Perhaps this was the goal Jürgen Klinsmann was picturing when he spoke about Germany winning the World Cup back in July 2004, when he was being introduced as Germany's new head coach. During Sunday's World Cup finale, Mario Götze was running full speed as he hit the ball with his chest and turned to shoot it into the net. It was a technically brilliant, fast, goal that was as spectacular as the new German football Klinsmann had imagined.
When Klinsmann spoke in 2004, the prospect of winning the trophy sounded as believable as a tobacco ad. But now Germany is world champion, and German football has been given a completely new face.
Rarely has an objective been pursued with such consistency as Germany's fourth World Cup trophy. Klinsmann and his successor, Joachim Löw, prepared the team with the same doggedness and thoroughness for five big football events. Again and again, Team Manager Oliver Bierhoff fostered the best outside conditions for a German win. Head Scout Urs Siegenthaler obsessively traveled to Germany's World Cup and European Championship opponents, not only to study their game, but also their mentality. The Germans lost four times.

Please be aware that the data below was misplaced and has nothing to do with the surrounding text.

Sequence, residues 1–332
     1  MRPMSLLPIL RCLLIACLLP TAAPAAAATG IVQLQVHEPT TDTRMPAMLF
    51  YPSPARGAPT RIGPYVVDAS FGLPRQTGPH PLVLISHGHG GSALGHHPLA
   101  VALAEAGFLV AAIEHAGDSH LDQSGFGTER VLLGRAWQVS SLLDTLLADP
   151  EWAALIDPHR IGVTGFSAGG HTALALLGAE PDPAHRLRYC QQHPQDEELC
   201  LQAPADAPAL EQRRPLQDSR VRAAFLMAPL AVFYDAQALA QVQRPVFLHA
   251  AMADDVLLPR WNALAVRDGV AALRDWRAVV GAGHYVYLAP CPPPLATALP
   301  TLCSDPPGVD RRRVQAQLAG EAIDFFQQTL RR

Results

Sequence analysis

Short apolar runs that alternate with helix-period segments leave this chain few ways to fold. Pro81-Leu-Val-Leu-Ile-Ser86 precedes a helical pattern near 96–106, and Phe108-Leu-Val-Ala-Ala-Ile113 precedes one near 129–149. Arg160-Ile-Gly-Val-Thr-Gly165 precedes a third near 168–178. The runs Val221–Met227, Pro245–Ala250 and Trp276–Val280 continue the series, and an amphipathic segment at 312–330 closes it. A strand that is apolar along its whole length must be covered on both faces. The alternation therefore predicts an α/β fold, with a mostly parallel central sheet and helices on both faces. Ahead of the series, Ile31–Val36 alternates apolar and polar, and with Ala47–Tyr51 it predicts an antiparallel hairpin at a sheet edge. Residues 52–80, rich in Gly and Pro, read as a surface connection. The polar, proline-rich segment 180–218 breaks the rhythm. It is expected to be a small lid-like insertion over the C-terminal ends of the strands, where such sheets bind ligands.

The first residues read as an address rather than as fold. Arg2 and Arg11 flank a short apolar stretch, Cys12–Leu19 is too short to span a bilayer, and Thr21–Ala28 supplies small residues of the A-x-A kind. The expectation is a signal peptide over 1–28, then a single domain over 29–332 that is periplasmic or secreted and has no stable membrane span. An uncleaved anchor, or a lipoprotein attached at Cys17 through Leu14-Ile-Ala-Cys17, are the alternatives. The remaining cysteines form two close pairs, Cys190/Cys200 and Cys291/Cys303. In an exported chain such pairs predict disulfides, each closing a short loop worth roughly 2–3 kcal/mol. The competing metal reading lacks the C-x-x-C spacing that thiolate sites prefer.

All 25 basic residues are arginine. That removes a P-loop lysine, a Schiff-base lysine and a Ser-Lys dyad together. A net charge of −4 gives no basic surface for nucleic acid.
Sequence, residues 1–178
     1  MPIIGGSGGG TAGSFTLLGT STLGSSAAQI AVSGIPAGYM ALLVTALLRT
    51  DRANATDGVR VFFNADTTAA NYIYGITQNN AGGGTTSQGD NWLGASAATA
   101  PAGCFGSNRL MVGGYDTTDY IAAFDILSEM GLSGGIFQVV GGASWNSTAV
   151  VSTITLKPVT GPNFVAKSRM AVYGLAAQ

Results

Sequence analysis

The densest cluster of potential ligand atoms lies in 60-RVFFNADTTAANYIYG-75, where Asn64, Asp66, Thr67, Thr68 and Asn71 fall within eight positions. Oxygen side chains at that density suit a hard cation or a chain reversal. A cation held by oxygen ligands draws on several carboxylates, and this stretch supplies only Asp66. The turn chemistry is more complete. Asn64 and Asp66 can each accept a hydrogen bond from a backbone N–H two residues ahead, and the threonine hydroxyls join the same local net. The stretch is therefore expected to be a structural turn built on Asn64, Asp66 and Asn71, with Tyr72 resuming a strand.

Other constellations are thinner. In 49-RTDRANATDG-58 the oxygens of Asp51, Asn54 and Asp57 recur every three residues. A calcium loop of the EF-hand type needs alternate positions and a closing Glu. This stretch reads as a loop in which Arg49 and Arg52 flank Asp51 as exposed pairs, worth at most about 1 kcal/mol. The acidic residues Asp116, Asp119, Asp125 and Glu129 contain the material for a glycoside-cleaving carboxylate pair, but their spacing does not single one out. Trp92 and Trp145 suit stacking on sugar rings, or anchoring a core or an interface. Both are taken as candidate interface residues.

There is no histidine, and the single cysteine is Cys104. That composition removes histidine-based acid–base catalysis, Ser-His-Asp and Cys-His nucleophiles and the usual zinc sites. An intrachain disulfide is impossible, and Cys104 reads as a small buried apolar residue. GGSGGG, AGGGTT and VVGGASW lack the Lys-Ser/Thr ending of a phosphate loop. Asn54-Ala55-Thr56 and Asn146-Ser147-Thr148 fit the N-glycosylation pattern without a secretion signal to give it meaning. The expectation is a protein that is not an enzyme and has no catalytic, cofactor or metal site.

But those looking for progress could see it. In 2006, the team's game was raw, wild, unpolished. Spectacular wins were always as likely as spectacular defeat (in extra time against Italy). In 2010, the team had progressed, but still wasn't mature enough for the title. On good days it could win against England and Argentina, but didn't have enough experience or self-confidence to beat Spain. Along the way there was the European Championship loss against the overpowering Spaniards in 2008 and the European Championship loss against the clinical Italians in 2012.
This World Cup boasted the best German team of the Löw era. The winning team was made up of great players -- tactically flexible, physically robust, technically brilliant -- with a game that is dominating, powerful, direct and, when it needs to be, patient. It's not always beautiful -- it's the way it needs to be. It's no coincidence that the finale against Argentina included a bloodied Sebastian Schweinsteiger, a Mats Hummels stricken by cramps and an artful Götze, who's been called the "German Messi." It's the perfect mixture of rule-abiding and ambitious football, of hurrah and heave ho.
Given that Germany won the World Cup finale in extra time with the goal of the year, luck also played a factor in their win. But the lead up to that moment demonstrates that you can create luck through hard work. Löw and his team have earned their triumph.